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Secretary of State Karen Bradley 'determined' to deliver devolved government

 Karen Bradley on her first visit to Northern Ireland after being appointed secretary of state. Picture by Hugh Russell
David Young, Press Association

The new Northern Ireland Secretary has stated her determination to overcome the challenges at the heart of the powersharing crisis and restore devolved government at Stormont.

On her first visit to Belfast, Karen Bradley said she wanted to work collaboratively with local parties to forge an agreement that will see a coalition executive resurrected.

Her appointment to the role, following James Brokenshire's surprise resignation on health grounds, came as Northern Ireland marked a year since the DUP/Sinn Féin-led administration imploded in a row over a botched green energy scheme.

The rift between the two main parties has widened in the intervening 12 months to take in long-standing cultural and legacy disputes.

The prospects of a deal to restore powersharing still appear bleak, with the spectre of a return to Westminster direct rule looming large.

Mrs Bradley met students at Belfast's Metropolitan College in the city's regenerated docklands area on her first official engagement in the region.

Her schedule on Wednesday also included face-to-face meetings with the leaders of the DUP and Sinn Féin.

"I want to find a way through this because the absolute priority is to restore devolved government as soon as possible," she said, standing on the Titanic Quarter's fog-shrouded waterfront.

Asked if she intended to adopt a new approach to the faltering negotiation process, Mrs Bradley stressed she was still in learning mode.

"I am here to learn, I am here to find out, I am here to meet all the leaders, I'm here to look at what needs to be done.

"I know there are challenges but I am determined we will find a way through those challenges.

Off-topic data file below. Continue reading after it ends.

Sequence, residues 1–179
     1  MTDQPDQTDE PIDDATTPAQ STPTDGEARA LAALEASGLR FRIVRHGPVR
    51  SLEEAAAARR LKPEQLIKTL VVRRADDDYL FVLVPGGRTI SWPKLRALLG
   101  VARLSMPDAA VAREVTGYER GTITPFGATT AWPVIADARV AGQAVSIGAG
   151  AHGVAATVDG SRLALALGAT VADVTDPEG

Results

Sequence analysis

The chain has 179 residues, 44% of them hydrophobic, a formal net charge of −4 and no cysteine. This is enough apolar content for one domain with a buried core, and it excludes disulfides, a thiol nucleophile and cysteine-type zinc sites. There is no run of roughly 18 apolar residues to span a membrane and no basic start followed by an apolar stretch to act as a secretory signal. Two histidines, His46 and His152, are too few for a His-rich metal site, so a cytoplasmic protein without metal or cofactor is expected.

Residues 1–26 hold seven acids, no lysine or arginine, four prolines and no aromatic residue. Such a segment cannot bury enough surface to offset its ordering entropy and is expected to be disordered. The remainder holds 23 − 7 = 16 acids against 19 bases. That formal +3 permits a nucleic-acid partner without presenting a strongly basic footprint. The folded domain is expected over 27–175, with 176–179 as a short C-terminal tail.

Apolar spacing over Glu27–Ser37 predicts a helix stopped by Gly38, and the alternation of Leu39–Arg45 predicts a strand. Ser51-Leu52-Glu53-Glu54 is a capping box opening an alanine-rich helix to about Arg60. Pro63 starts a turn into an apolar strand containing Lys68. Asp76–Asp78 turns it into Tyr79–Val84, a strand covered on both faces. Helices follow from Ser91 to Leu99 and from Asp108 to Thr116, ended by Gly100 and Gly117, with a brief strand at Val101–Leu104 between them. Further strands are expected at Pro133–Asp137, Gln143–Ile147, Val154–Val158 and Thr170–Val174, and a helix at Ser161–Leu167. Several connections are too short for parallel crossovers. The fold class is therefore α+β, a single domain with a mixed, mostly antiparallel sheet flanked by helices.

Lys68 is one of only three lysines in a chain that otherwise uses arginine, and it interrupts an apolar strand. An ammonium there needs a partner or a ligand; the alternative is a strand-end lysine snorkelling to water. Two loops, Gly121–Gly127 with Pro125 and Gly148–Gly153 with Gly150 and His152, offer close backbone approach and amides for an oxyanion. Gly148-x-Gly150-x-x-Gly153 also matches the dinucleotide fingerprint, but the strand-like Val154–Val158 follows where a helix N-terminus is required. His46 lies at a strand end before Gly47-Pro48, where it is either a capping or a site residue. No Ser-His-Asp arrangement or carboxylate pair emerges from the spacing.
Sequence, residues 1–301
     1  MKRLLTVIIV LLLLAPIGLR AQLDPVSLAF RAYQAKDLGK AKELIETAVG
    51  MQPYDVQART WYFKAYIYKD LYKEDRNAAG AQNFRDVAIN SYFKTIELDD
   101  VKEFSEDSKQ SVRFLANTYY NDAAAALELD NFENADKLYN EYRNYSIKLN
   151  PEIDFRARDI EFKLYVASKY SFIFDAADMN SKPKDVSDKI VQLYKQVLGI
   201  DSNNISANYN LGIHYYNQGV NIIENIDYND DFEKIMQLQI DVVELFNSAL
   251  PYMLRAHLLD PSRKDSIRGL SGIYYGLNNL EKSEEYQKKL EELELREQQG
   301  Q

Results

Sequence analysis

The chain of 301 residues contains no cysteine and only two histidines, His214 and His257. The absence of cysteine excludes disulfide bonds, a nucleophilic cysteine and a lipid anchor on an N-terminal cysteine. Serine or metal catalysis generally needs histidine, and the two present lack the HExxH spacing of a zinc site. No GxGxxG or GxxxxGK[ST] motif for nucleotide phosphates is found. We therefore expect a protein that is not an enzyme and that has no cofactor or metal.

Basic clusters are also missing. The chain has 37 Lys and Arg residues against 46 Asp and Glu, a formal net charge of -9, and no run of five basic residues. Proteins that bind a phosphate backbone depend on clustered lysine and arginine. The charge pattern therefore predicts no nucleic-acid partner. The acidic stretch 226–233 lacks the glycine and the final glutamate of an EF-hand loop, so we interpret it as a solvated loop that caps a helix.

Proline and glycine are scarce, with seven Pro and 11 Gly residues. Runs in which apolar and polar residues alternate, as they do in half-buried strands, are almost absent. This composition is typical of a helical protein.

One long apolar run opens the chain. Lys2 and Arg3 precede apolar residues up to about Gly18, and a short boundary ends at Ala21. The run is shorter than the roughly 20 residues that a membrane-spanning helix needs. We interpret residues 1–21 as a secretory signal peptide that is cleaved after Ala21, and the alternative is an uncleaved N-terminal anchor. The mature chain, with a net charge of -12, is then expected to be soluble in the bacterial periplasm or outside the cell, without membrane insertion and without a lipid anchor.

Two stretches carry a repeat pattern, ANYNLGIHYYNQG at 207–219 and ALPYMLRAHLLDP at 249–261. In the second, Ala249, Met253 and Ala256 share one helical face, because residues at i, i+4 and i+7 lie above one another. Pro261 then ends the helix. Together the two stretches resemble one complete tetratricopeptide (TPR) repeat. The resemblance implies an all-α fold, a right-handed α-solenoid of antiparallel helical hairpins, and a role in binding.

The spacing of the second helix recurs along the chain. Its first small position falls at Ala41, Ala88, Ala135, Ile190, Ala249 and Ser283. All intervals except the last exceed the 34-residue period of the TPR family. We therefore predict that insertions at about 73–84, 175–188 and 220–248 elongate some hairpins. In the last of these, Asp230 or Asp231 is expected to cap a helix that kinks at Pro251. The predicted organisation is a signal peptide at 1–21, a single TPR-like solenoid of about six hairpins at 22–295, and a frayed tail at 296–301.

"We need to deliver devolved government to Northern Ireland as soon as possible and that's what I am determined to do."

The Conservative MP said she was also conscious of the need to deliver a Brexit that worked for everyone in Northern Ireland.

Mrs Bradley said she understood the importance of dealing with the legacy of the Troubles and ensuring a safe future.

"My aim is to work collaboratively to find solutions to those issues that are acceptable to everyone," she said.

The former culture secretary said the Irish government would have an "important role" to play in efforts to save devolution.

She is due to meet the Republic's Tánaiste and minister for foreign affairs Simon Coveney on Friday.

After meeting Mrs Bradley at Stormont House, DUP leader Arlene Foster said the "clock was ticking" for a deal.

Noting that a Stormont budget for the next financial year needed to be set, she said any new talks process had to be "short, meaningful and substantive".

Mrs Foster said if new negotiations failed to deliver a breakthrough then Mrs Bradley had to move to put direct rule ministers in place.

"The clock is ticking in relation to the government of Northern Ireland, we haven't had a government now for over a year," she said.

"I think she's (Mrs Bradley) heard directly today from people that they want to see government back here and if it's not going to be a devolved administration then it will have to be some sort of an administration direct from Westminster.

"Of course we don't want that - we want devolution, but we can't continue without a government here in Northern Ireland. So time is short and the clock is ticking."

Sinn Fein's Stormont leader Michelle O'Neill had been due to meet Mrs Bradley in person on Wednesday. Plans were however changed and a phone call was instead arranged between the two politicians, with the meeting put back to next week.

Mrs Foster claimed the reschedule was linked to criticism the republican party has received since one of its MPs posed with a Kingsmill branded loaf on his head on the anniversary of the 1976 Kingsmill massacre last Friday.

Abstentionist West Tyrone MP Barry McElduff, who apologised and insisted his social media video was not a reference to the 10 sectarian murders at Kingsmill, has been suspended by Sinn Fein for three months.

Asked for her reaction to the postponement of the meeting between Mrs Bradley and Mrs O'Neill, the DUP leader said: "It's another indication that all is not well in Sinn Féin and they are a party in disarray at present."

A Sinn Féin spokesman said the meeting had not gone ahead due to clashing diary commitments.

He branded Mrs Foster's claim as "nonsense".

"Arlene Foster might be better focusing on the denial of rights that people enjoy everywhere else on these islands," he added.

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